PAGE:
Saturday, October 25, 2008

More On Cell Phone Banking

Technology Review has a fairly comprehensive article on banking through cell phones, particular in India. Fascinating read. Many Indian farmers and urban dwellers have predictable patterns (go to auction at 4:00 AM, go back to farm at 6:00 AM, get mugged at 6:10 AM on the road - optional) that leave them somewhat vulnerable to thuggery. By using cell phones which are attached to an identity to store the money electronically (pin and sometimes thumbprint protected) some of that susceptibility is lessened.

Additionally, when multiplied by millions, even with only a few dollars a piece, that puts a lot of capital in the banking system. And, if my Freshman economics serves me, that is something that manages to increase the speed of money in the economy and open up opportunities across the entire population. The article mentions lots of exciting specifics, so you should check it out.

Friday, October 17, 2008

Meet Amy B. Smith

Amy B Smith just won the Popular Mechanics Leadership Award for her leadership efforts and work in the area of engineering for the very poor. Smith has led student trips to places as far away as Ghana and India and has impressed many people in the area of engineering for the poor such as Paul Polak, author of Out of Poverty: What Works when Traditional Approaches Fail.

Video Here

Thursday, October 09, 2008

The Aquaduct(bike)

Here's something rather interesting, and the winner of this year's Innovate or Die contest. It's a pedal-powered bike purpose built for transporting and cleaning water. It's a really great idea by some people who appear to have a reasonable concept of what the issues are.

On the other hand, I really hope that we can start seeing some more innovation on the urban front where, unfortunately, most of the world's truly poor live.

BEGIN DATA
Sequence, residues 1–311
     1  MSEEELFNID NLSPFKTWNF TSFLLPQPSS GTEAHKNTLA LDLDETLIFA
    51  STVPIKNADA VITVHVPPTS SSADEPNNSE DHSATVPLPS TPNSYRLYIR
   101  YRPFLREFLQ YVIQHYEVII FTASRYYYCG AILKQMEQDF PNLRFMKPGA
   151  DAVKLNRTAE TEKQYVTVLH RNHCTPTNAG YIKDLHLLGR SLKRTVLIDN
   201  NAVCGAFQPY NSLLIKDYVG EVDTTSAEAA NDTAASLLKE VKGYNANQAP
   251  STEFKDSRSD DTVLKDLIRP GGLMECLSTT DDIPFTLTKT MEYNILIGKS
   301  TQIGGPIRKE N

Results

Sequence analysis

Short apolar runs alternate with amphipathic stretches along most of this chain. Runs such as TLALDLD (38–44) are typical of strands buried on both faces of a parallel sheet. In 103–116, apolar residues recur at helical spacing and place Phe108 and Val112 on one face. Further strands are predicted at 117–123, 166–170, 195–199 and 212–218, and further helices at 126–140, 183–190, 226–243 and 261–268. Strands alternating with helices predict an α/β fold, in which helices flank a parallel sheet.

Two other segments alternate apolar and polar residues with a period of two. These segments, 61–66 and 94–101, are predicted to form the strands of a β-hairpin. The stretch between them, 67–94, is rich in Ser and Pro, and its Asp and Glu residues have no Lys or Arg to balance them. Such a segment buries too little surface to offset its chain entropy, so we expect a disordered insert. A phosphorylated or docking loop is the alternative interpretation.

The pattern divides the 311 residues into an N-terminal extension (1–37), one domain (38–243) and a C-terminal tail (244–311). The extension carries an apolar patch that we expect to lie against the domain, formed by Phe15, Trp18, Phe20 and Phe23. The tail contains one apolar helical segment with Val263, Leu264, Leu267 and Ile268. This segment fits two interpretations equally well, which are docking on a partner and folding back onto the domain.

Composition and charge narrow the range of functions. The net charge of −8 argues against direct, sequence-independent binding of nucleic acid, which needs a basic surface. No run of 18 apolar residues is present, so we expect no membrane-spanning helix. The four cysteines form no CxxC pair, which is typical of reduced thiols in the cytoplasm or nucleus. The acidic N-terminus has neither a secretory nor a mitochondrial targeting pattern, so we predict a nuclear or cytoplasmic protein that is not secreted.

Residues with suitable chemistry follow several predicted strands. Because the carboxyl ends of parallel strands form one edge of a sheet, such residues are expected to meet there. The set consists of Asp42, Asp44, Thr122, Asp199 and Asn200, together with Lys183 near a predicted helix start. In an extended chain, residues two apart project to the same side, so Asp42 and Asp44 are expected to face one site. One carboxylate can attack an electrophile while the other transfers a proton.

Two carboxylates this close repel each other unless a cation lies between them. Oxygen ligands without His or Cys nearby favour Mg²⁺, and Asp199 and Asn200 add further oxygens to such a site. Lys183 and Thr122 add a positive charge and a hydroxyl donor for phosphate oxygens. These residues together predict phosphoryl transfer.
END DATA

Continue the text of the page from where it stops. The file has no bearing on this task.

Tuesday, September 16, 2008

Curing TB - now with free cellphone minutes!

There's a fascinating, and slightly gross article here which talks about the difficulties in curing TB in developing nations. The short of it is that it is really hard to convince most people to continue to take their pills for a whole six months. I've been told this is quite the problem the world over. When I was in the Philippines last year, it was definitely present there, and presents huge problems because if you don't take the whole 6 months of pills, the viruses predictably come back more resistant to antibiotic treatment, hurting not only the person involved but everyone that they might spread the resistant TB too. This is a very cool solution to a very real problem, and worth the read.

Thursday, September 11, 2008

Let's make power with a string!

Alrighty, this isn't software related, but it is darn cool. Shawn Frayne, a 28 year old inventor has managed to create a device that harness the power of wind at 10-30 times the efficiency of a windmill. These devices are very small and can be produced very cheaply, and could be a great boon to remote, developing locations such as Haiti. Check out the video from popular mechanics.

Tuesday, September 09, 2008

Social Justice Programming

It's hard to be a programmer who cares about the world around you. There isn't the directness of other disciplines. You can't walk up to a starving child and give them a sheet of code, it just doesn't help. If you're a water engineer, you can help build a new well. A sanitation engineer can help with desperately needed, erm, sanitation. Agriculture, nutrition, etc, these are all very directly applicable and needed skills throughout the world, but Software Engineering is harder.